What is private fostering?

Private fostering is when a child is cared for by someone who is not their parent or a close relative for 28 days or more. This applies when the child is under the age of 16 (or 18 if they have a disability).

For this purpose, a 'close relative' is defined as a:

  • Grandparent.
  • Brother or sister.
  • Uncle or aunt.
  • Step-parent by marriage or civil partnership.

If a child is living with a close relative, they are not privately fostered.

Telling us about private fostering

Children’s social care services must be made aware of any private fostering arrangements as soon as possible. You can contact us at (01226) 772423 and ask to speak to the private fostering social worker.

If you are unsure of whether an arrangement would be classed as private fostering, please contact our team for advice. 

Information for parents

A private fostering arrangement does not mean that your child is in care. Its just our children’s social care team is legally responsible for the welfare of all privately fostered young people.

We'll make sure that the person or people caring for your child get the help and support that they need. We'll also check that the placement is suitable.

A children’s social worker will visit your child and their private foster carer. This will be at a minimum of every six weeks until the private fostering arrangement stops. The private foster carer will also complete a private fostering assessment and you'll be spoken to as part of this process.

Your responsibilities as a parent or carer of a privately fostered child:

  • When a child lives in a private fostering arrangement, you don't lose any legal rights and responsibilities you have for your child.
  • You're responsible for letting children’s social care services know about plans for your child.
  • You'll be part of any decisions made about your child.
  • You're expected to continue to financially support your child.
  • You should be asked for your views about important things like school and health matters.
  • You'll be involved in any decisions made about your child.

You can end a private fostering arrangement at any point.

Information for private foster carers

As a private foster carer, you'll be responsible for the young person’s health, education, social, physical and emotional needs.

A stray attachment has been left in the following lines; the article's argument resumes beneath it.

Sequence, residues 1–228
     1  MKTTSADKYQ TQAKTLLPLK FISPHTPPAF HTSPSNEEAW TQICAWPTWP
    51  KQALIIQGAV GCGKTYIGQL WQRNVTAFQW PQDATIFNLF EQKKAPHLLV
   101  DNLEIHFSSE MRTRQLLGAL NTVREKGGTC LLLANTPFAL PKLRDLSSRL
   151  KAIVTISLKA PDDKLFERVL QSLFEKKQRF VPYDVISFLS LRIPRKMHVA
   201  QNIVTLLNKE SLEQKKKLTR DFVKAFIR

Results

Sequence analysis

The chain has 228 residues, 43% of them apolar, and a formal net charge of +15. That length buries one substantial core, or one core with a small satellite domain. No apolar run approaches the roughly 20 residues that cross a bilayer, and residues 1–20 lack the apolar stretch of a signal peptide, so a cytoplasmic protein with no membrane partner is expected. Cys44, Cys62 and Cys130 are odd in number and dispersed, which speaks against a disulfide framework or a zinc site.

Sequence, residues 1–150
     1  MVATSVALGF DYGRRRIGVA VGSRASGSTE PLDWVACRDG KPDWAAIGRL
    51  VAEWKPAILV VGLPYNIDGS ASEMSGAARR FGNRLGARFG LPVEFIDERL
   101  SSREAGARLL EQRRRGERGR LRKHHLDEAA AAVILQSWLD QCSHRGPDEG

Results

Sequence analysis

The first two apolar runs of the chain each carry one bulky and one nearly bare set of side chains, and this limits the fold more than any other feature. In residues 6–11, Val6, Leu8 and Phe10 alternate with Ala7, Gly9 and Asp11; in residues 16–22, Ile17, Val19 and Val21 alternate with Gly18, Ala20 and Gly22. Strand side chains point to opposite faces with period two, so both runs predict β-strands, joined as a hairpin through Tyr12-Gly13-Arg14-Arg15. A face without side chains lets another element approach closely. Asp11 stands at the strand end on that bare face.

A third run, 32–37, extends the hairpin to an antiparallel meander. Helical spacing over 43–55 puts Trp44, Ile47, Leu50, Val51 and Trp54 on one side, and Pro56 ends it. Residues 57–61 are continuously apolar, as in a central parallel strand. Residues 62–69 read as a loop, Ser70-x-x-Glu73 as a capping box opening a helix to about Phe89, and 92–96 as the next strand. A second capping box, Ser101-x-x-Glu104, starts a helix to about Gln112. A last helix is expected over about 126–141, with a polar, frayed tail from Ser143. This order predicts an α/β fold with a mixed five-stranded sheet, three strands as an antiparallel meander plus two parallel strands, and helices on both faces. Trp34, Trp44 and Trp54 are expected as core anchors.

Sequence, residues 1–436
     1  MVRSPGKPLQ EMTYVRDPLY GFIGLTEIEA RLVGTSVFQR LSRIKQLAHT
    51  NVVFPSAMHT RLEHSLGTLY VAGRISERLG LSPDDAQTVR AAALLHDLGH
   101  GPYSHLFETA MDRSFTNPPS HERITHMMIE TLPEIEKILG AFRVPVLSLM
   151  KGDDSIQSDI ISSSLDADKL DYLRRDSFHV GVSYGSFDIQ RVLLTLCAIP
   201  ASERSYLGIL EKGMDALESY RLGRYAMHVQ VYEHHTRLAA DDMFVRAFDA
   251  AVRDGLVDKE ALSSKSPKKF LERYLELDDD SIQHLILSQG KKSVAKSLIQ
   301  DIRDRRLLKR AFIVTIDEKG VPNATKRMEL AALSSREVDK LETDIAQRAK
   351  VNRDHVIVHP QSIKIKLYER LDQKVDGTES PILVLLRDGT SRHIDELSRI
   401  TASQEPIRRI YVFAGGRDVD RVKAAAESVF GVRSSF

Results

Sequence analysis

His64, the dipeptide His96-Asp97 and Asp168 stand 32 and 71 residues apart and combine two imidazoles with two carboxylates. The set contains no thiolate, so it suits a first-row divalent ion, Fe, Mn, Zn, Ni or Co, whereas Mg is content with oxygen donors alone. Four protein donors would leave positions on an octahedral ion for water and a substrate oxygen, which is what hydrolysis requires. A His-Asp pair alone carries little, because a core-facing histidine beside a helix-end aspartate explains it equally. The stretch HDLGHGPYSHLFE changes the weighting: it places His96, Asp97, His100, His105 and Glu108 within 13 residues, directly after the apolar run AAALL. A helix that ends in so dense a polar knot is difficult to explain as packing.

A social worker will visit you, the parents and the child to discuss the plans for the young person. They'll then complete a private fostering assessment.

As part of this assessment, a social worker will ask everyone over 18 in your household to sign forms so that checks can be carried out. You'll be asked to make a written agreement with the parents. This will include any special arrangements, like:

  • Managing the young person’s health.
  • Education needs.
  • Financial support.
  • Contact with the family.

This is so everyone is clear about expectations and responsibilities.

A private fostering social worker will visit you every six weeks. They'll speak with the child at each visit and will have regular contact with the parents to make sure everyone is happy with the plan. Meetings with the parents and professionals will also be arranged to make sure the child is doing well.

Information for professionals

Although its a private arrangement there are certain duties and responsibilities under the Children Act 1989 and 2004. This is to make sure that children who are privately fostered are protected.

Professionals also have a statutory duty in relation to private fostering. If you've become aware of a possible private fostering arrangement, you must inform our children’s social care team.

As part of your professional duty, you'll also be asked to:

  • Contribute to the assessment of the arrangement by providing relevant information about the child or carer when requested.
  • Monitor the child’s welfare and progress and provide support and guidance to the child’s carer in line with your agency’s remit.
  • Be involved in ongoing liaison with our children’s social care team to address any welfare concerns or unmet needs.


Statement of purpose

Our private fostering statement of purpose sets out:

  • our duties and functions in relation to private fostering
  • the ways in which these will be carried out

Read our private fostering statement of purpose.